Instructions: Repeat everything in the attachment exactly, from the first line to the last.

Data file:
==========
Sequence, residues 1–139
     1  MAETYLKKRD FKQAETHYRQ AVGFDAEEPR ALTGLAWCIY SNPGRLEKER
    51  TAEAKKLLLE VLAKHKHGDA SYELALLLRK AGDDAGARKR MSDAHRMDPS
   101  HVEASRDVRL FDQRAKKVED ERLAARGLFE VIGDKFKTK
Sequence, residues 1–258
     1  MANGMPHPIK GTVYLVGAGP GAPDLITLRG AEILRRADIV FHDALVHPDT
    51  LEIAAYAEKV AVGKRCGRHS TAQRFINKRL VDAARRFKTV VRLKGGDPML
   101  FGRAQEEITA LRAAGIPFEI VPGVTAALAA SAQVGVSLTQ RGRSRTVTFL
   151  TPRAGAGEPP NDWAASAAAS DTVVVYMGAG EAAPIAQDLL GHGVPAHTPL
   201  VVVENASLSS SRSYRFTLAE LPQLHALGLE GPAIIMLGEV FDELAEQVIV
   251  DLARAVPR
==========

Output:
Sequence, residues 1–139
     1  MAETYLKKRD FKQAETHYRQ AVGFDAEEPR ALTGLAWCIY SNPGRLEKER
    51  TAEAKKLLLE VLAKHKHGDA SYELALLLRK AGDDAGARKR MSDAHRMDPS
   101  HVEASRDVRL FDQRAKKVED ERLAARGLFE VIGDKFKTK
Sequence, residues 1–258
     1  MANGMPHPIK GTVYLVGAGP GAPDLITLRG AEILRRADIV FHDALVHPDT
    51  LEIAAYAEKV AVGKRCGRHS TAQRFINKRL VDAARRFKTV VRLKGGDPML
   101  FGRAQEEITA LRAAGIPFEI VPGVTAALAA SAQVGVSLTQ RGRSRTVTFL
   151  TPRAGAGEPP NDWAASAAAS DTVVVYMGAG EAAPIAQDLL GHGVPAHTPL
   201  VVVENASLSS SRSYRFTLAE LPQLHALGLE GPAIIMLGEV FDELAEQVIV
   251  DLARAVPR